Can the heart-ears-mind of a man practicing this kind of fatherlessness be reached? My experience is a hopeless no, they are unreachable. Family, judicial, and social constructs all too often enable a man to carry out his grandiosity. And he would never admit his true motivations, as he is deeply in love with his own fakery. As long as we do not acknowledge the problem this covert association of fathering with oppression of mothers, we will continue to enable it. In a divorce, it continues to be male against female, winner against loser, oppressor against oppressed, and abuser against abused. And it's all so forgetful of the children.
Making peace with fathers and fatherhood in our culture means that we deal with this covert fatherlessness head-on, and recognize that a man who is practicing superiority and grandiosity is not being a good person, much less a good father. Giving fatherhood its rightful place means we do not allow it to be tainted by the act of oppressing mothers.
When did good fathering get conflated with oppressing mothers, anyway?
It is time for a sea change.

Saturday, April 9, 2016

The baby book haunting

My mom kept my baby book around, and as soon as I could read I absorbed it. It was part of the belongings that stayed in our home...a fixture, like the old poetry book we had. But something shifted and one thing I had read over the years washed over me differently  It was seemingly innocuous:
What mom said: "It's a girl!"
What dad said: "that's ok, honey, we'll have a boy next year"
I mean, after all, lots of dads in the late 60's wanted boys first. Lots of dads were wrapped up in the sex of the baby.
Yet these words threaded into my heart, in and out a million times, I got it, I knew it, I still live it: my dad was a gaping void and an aching need in my life. I could never have been good enough to earn his love (and still am not) and yet I tried so very hard to do so. That sentence from him encapsulated the subsequent history of his complete disdain and rejecting judgment of me. Those words, for me, were the root of my shame: unwanted. unworthy, unlovable, rejected. Those messages have hung around me, cold,wispy ghosts...convincing me they are perceptible and attractive to cold, wispy men. With my father, I was  always orbiting his distant sun, trying to warm myself . Magnetic forces, an unseen wall, kept me from quite arching near him. And so "dad" became a cold, lifeless concept, one that caused deep deep fiery hunger in my bones for far too many years, fire that left the ash of grief, despair, and complacency. My dad, the smiling cold force, the grinning grim wall, wielding the stunning violence of absence.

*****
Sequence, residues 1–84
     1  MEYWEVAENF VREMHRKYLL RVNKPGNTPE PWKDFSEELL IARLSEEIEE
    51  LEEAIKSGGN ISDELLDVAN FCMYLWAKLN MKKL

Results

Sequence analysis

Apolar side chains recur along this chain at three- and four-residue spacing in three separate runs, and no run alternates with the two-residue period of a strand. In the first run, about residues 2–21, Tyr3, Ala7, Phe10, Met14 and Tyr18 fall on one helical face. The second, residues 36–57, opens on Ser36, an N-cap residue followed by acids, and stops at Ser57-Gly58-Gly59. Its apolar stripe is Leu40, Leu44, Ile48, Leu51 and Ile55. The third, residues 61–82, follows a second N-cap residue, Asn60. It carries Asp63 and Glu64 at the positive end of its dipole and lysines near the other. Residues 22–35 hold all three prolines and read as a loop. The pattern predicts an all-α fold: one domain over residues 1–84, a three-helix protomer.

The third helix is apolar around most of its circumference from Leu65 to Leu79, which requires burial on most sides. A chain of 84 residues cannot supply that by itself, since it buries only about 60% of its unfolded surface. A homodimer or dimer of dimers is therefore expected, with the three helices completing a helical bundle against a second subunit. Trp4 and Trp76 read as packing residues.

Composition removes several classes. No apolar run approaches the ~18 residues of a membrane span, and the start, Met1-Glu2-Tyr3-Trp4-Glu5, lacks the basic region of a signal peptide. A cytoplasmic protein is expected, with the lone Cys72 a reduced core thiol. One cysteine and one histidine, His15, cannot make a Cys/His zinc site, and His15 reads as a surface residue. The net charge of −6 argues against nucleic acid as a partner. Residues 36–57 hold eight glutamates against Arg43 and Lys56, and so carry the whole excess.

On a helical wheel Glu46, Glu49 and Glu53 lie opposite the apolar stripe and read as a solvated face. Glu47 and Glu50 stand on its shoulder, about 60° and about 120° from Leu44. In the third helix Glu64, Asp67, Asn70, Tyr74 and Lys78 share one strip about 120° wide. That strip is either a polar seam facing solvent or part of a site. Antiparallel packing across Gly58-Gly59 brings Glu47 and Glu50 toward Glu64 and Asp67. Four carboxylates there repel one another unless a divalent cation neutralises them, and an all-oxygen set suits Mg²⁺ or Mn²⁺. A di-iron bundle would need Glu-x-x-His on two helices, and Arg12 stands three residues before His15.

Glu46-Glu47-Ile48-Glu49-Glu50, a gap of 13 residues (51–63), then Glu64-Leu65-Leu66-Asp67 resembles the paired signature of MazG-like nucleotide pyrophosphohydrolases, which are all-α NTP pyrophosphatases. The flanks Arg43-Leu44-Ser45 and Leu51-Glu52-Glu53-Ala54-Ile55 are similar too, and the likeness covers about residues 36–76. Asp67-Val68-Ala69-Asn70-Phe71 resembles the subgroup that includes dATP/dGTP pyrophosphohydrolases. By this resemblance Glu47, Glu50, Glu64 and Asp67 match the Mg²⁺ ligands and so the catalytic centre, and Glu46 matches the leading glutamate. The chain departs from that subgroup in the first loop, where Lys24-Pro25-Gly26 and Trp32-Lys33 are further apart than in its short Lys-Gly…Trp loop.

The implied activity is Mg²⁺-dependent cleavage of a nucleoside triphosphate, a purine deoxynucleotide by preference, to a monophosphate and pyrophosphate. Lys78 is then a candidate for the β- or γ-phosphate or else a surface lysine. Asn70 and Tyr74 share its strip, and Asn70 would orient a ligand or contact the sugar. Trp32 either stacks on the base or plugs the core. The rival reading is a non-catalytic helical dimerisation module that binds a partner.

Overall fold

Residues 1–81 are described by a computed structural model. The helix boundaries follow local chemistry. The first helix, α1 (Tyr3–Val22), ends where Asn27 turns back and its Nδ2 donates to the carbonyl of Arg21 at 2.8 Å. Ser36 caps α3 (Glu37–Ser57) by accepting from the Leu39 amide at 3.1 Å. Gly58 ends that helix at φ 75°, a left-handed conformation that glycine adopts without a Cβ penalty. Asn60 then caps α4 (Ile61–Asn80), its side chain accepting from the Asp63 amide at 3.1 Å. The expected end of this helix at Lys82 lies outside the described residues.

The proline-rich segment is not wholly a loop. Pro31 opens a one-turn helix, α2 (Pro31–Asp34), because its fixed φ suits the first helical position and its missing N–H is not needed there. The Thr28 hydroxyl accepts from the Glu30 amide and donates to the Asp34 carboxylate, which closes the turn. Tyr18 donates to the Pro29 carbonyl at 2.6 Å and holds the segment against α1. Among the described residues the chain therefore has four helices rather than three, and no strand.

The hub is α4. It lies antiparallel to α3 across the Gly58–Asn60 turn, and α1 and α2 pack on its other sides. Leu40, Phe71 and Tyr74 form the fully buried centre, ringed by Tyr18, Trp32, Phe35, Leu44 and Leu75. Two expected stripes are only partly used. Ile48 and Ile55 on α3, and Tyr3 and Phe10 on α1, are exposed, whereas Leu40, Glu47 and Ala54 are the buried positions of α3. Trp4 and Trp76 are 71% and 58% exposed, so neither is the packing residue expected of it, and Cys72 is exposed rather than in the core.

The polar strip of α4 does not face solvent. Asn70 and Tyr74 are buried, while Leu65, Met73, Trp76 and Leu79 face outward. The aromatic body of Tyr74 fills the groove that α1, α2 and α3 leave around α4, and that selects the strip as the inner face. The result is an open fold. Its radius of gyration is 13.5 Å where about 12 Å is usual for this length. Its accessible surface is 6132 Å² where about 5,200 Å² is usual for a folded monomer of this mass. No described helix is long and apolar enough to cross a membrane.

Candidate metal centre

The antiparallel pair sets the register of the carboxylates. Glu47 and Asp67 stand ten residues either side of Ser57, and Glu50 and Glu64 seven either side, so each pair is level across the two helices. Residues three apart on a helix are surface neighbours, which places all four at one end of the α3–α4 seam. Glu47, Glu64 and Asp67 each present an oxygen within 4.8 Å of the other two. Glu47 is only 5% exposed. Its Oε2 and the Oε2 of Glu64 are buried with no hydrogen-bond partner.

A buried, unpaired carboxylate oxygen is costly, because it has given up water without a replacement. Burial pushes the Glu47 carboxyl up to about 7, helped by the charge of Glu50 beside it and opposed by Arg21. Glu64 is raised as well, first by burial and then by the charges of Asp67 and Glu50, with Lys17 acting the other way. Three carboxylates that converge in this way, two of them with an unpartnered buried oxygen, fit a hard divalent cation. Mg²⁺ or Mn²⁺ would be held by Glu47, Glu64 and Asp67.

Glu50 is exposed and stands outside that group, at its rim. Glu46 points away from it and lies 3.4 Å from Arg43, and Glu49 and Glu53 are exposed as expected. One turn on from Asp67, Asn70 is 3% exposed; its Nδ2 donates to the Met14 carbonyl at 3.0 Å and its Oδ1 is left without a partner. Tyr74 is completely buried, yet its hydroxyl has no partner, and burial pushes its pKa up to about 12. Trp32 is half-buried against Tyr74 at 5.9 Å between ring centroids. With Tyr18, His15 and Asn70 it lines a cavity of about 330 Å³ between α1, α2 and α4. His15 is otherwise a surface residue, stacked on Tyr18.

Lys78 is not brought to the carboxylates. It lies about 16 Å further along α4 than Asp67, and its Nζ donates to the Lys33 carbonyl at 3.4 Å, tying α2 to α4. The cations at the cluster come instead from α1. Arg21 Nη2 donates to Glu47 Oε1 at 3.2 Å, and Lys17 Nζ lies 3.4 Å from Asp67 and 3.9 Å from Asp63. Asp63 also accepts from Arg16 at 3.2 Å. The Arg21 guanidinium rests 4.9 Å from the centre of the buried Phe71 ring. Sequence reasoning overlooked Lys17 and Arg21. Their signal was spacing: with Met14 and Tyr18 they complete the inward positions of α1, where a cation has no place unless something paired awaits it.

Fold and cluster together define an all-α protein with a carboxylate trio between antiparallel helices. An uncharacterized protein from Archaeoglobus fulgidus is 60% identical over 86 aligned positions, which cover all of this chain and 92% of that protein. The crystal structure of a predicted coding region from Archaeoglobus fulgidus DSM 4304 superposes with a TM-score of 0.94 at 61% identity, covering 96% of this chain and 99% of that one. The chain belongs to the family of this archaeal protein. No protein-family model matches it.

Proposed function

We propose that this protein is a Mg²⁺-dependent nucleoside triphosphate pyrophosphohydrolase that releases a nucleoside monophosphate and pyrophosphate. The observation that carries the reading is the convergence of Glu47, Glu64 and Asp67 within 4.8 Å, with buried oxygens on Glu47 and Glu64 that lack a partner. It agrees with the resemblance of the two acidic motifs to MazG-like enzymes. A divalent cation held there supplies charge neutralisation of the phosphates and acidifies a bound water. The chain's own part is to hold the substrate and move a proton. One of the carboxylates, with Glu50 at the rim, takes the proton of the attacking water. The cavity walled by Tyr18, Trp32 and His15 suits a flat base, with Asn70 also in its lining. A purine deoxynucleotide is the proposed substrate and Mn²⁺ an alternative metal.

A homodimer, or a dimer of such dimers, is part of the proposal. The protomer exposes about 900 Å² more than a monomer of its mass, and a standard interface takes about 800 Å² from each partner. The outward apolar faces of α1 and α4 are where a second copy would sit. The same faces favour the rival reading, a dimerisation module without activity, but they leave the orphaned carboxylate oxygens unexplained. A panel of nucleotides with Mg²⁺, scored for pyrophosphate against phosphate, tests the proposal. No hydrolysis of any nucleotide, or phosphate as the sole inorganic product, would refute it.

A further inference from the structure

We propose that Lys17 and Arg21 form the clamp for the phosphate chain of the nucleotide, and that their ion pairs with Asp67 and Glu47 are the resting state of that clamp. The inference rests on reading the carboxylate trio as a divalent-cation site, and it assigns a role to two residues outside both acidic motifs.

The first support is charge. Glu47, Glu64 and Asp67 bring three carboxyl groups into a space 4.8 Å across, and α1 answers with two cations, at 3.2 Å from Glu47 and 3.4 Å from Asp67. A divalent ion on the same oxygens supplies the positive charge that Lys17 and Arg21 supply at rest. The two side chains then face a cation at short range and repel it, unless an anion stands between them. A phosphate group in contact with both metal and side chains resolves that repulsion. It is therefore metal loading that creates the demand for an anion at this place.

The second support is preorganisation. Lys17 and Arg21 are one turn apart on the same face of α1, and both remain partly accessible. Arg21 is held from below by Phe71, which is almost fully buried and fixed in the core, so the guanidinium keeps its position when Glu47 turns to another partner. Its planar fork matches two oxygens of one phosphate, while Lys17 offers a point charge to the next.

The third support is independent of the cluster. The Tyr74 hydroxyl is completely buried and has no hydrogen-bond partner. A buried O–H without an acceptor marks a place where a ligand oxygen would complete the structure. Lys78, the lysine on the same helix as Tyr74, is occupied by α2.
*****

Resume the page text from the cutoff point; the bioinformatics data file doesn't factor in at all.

He didn't want me. Not really. I was a disappointing girl.
In my relationships with men, this has been everything. I have made myself a small, distant planet far too often, and I have blamed myself for being too small or too...too...something. Too expressive. Too emotional. Too needy. Too much, too little, too fat, too grumpy, too lively, too loud, too slow, too inadequate, too stupid. Needs not allowed.
And of course, there are many that would have me believe that needs are not ok. No, needs are fine. Hungers...greedy hungers that take over your soul and invade the space of another...these are not needs. I have had such hungers and they have indeed separated me from others and myself. But needs..needs are human. Everyone has needs.
 If there is a guy in the room who is going to reject me in some way, I can smell him within ten miles and I am instantly drawn to him. And so I get sucked in.  Sometimes the cycle takes years, sometimes weeks, sometimes days, sometimes months.
The psychological terms for it are: repetition compulsion and re-enactment. Trauma bonding. Love addiction. Whatever. I gather these terms to help me cope. I dive furiously into theory, get way into my head, over-intellectualize the whole affair, but do nothing to soothe my heart or help me grieve.
Waves of grief come anyway. Disappointment in my lack of a father. Disappointment in men who also behave like that. Disappointment in myself for my own alarmingly injurious absences, for others and self. Overwhelming sadness for so many losses and separations.